The Schlieffen Plan, while initially showing promise, ultimately failed to achieve its intended objectives. The German forces were unable to swiftly defeat France and force a quick surrender, leading to a protracted and bloody conflict along the Western Front. The plan's failure had significant consequences for the course of the war, as it resulted in a long and grueling stalemate with devastating casualties.




The Western Front during World War I witnessed one of the most infamous aspects of the conflict: the prolonged and brutal stalemate known as the trench warfare. As the German advance was halted during the First Battle of the Marne in September 1914, both the Allied and German forces dug in and established elaborate networks of trenches that stretched for hundreds of miles. These trenches provided a means of protection from enemy fire and formed a defensive line that neither side could easily breach.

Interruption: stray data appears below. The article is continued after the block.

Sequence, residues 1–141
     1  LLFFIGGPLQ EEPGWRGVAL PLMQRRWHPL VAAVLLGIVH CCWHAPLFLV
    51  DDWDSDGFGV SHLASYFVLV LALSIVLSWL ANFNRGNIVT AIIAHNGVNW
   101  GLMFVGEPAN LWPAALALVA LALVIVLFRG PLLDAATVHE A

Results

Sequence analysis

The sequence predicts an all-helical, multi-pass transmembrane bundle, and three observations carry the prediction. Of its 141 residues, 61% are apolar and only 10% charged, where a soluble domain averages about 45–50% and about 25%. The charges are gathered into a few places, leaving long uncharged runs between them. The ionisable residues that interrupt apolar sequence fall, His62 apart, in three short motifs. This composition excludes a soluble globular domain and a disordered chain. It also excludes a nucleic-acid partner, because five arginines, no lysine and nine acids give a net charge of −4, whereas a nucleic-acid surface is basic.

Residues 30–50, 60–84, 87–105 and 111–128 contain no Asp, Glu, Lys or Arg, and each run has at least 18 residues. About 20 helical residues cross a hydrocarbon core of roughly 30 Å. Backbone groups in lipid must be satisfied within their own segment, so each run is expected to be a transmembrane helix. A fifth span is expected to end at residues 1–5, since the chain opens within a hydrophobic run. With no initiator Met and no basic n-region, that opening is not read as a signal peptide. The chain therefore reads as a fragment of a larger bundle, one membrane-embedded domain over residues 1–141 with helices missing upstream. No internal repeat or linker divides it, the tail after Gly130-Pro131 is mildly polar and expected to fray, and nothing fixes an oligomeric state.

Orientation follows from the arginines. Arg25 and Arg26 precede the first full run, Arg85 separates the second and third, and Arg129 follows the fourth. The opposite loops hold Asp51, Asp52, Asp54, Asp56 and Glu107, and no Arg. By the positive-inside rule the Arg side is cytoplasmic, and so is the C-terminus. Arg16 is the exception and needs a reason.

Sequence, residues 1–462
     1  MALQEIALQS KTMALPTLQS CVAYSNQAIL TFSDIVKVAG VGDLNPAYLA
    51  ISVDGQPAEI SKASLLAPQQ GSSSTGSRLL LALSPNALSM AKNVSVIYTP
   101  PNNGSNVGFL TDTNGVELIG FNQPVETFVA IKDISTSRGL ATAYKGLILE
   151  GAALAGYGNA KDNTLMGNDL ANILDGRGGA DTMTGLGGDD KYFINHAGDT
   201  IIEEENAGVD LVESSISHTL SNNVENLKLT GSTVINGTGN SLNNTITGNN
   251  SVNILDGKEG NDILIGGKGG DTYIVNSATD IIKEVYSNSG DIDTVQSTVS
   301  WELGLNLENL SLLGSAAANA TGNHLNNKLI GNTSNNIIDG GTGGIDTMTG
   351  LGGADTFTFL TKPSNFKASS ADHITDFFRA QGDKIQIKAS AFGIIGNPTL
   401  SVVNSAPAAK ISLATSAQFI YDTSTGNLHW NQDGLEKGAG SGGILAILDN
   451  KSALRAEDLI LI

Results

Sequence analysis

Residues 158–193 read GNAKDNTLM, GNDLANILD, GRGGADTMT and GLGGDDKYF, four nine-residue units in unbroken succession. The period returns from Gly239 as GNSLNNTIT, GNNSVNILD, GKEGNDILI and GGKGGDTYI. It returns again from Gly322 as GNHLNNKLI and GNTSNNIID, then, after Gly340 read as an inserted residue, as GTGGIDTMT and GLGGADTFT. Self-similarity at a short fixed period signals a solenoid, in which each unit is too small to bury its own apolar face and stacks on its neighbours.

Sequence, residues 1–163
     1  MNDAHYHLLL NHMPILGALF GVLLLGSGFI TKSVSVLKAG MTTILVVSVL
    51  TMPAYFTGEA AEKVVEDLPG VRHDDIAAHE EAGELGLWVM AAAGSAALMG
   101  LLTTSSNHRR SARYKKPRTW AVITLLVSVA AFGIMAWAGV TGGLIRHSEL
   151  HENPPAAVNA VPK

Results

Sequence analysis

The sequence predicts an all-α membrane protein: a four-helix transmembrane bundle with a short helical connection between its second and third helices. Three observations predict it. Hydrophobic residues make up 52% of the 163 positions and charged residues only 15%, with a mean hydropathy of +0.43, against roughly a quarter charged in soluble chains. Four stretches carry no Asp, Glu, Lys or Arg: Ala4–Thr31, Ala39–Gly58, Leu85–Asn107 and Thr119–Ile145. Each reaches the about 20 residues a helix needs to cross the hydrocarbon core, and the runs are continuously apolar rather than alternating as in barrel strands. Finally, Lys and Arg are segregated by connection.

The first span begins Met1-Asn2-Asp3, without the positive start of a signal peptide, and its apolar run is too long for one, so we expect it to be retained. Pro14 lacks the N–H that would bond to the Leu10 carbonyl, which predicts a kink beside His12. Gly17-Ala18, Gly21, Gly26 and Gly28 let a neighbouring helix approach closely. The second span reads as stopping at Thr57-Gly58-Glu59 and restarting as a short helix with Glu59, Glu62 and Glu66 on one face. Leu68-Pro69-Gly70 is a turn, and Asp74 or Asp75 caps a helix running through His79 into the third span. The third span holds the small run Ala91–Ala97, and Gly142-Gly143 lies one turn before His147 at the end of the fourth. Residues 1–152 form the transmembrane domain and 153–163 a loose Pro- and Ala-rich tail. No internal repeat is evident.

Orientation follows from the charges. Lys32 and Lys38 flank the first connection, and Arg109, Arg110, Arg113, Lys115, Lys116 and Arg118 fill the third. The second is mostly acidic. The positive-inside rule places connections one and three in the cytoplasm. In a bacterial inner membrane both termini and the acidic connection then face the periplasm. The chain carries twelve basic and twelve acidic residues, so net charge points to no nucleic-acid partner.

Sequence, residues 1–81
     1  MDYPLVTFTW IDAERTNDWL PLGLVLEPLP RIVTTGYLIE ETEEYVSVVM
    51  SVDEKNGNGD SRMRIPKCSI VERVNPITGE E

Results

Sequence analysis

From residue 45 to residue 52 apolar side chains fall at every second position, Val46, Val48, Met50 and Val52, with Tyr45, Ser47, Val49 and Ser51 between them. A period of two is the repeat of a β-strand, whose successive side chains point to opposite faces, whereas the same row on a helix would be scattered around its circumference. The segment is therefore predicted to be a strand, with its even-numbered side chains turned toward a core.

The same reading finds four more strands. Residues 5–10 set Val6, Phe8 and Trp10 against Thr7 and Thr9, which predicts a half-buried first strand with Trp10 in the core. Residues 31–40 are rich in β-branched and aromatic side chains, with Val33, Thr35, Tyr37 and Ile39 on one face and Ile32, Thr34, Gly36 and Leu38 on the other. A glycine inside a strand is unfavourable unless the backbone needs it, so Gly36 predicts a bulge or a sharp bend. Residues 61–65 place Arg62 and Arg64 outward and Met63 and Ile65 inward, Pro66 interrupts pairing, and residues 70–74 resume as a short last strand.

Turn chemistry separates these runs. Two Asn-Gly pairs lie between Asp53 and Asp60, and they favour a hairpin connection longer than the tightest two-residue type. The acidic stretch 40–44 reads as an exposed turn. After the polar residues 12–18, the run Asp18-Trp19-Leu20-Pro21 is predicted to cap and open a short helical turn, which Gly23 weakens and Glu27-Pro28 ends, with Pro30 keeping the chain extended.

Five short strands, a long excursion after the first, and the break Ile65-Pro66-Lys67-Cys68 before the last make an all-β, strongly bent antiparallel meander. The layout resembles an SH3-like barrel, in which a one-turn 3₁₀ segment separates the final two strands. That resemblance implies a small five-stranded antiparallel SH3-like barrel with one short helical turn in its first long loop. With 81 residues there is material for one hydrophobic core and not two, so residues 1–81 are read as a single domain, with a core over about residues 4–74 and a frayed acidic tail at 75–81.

Life in the trenches was harsh and grueling. Soldiers endured unsanitary conditions, constant threat of enemy attacks, and the physical and mental toll of living in close quarters with the constant sound of artillery and gunfire. The trenches were muddy, waterlogged, and infested with rats and disease. Soldiers faced the constant risk of trench foot, a painful and debilitating condition caused by prolonged exposure to wet and unsanitary conditions.


The front line trenches were fortified with barbed wire, machine gun nests, and artillery emplacements, creating a formidable barrier for any attacking force. These defenses were mirrored by the opposing side, resulting in a stalemate where neither side could gain a significant advantage or break through the enemy lines.